The appearance of Dowden in Sunak’s cabinet is seen as a near certainty given the former culture secretary and Conservative party chair effectively ran the new prime minister’s initial leadership campaign over the summer.

Dowden arguably also heralded the demise of Johnson by resigning in June after two disastrous Tory byelection losses on the same night. Dowden characterised his decision as taking responsibility but it was more widely viewed as withdrawing confidence in the then prime minister.

In Johnson’s last reshuffle, Dowden was tipped for education secretary but instead was demoted to party chair. It would be an obviously high-profile fit for one of Sunak’s closest allies.

Robert Jenrick

Jenrick was among the few Sunak supporters who made it into Truss’s ministerial team albeit as a junior health minister rather than the cabinet role he had enjoyed previously. As a trusted backer of Sunak, he could be a good fit for the Cabinet Office.

Jenrick could be a controversial figure if he returns to the top level of government, after it emerged that as communities and housing secretary under Johnson, he had overruled a council and the planning inspectorate to allow Richard Desmond to go ahead with a £1bn property development in east London, shortly after sitting next to the media tycoon and Tory donor at a party fundraising dinner.

Kemi Badenoch

The trade secretary was a significant coup for Sunak’s campaign when she backed him instead of Johnson, despite being on the right of the party.

Known as a culture warrior, it would satiate the right if Sunak gave her culture secretary or education secretary but it may be a safer move to keep her with the less controversial trade portfolio.

Michael Gove

Gove returned to the backbenches under Truss, saying he was happy to take a back seat after a decade on and off in cabinet. If Sunak wants a problem solver in a department, he may turn to Gove, who has done almost every job going, apart from a great office of state. Neither has he led the health department, which is facing a multitude of troubles.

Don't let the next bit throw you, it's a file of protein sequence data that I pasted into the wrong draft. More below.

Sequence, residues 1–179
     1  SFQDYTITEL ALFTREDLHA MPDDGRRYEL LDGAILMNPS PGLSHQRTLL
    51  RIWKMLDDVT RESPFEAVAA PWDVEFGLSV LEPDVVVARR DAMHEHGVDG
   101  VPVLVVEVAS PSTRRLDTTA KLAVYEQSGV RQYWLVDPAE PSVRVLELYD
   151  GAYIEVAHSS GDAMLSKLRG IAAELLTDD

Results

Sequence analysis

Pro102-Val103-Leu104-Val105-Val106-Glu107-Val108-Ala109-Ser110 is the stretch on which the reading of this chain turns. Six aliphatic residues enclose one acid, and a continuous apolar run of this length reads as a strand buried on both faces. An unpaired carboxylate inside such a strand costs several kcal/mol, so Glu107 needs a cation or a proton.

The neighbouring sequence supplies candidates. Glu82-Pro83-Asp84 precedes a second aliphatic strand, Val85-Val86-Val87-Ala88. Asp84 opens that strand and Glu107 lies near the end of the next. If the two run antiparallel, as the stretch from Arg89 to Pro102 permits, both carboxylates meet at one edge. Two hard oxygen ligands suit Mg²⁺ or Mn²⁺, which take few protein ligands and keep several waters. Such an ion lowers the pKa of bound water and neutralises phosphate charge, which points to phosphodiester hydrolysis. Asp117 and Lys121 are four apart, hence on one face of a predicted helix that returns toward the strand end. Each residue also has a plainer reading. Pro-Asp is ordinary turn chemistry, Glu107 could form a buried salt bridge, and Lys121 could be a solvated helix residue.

James Cleverly

The foreign secretary has won plaudits for his role so far but could find that Sunak needs to make space at the top. But he is a well-liked and amenable colleague and would be an obvious choice to stay in cabinet as a show of unity, albeit probably in a lesser role.

Other possible promotions

Sunak arrived to give his victory speech flanked by new intake MPs Claire Coutinho, Laura Trott and Craig Williams, all of whom could get beefy ministerial roles. Others who were key members of his team who were underpromoted or overlooked under Truss, including Victoria Atkins, Helen Whateley and Lucy Frazer, could be handed cabinet posts or significant ministerial briefs.

Other experienced hands who have been leading the public rallying for Sunak include the former chief whip Mark Harper, the former Northern Ireland secretary Julian Smith, the former Treasury minister John Glen and select committee chairs Simon Hoare, Mel Stride and Robert Halfon, all of whom could be offered jobs.

Who’s out?

Jacob Rees-Mogg is probably top of the list for an exit. Ben Wallace has clashed with Sunak in the past and secured no guarantees from him on increased defence spending – so he could also be on the way out.

Truss is clearly likely to depart the cabinet and Thérèse Coffey, as her closest ally, will also probably fear for her post. Nadhim Zahawi and Kit Malthouse are close Johnson backers so their futures must also be in doubt. Ranil Jayawardena and Chloe Smith have made a very limited impression and could be collateral.

• This article was amended on 25 October 2022 because an earlier version mistakenly said Robert Jenrick was among the few Liz Truss supporters who made it into her ministerial team, when that meant to refer to Rishi Sunak supporters.


Jessica Elgot, Rowena Mason, Peter Walker and Aubrey Allegretti

The GuardianTramp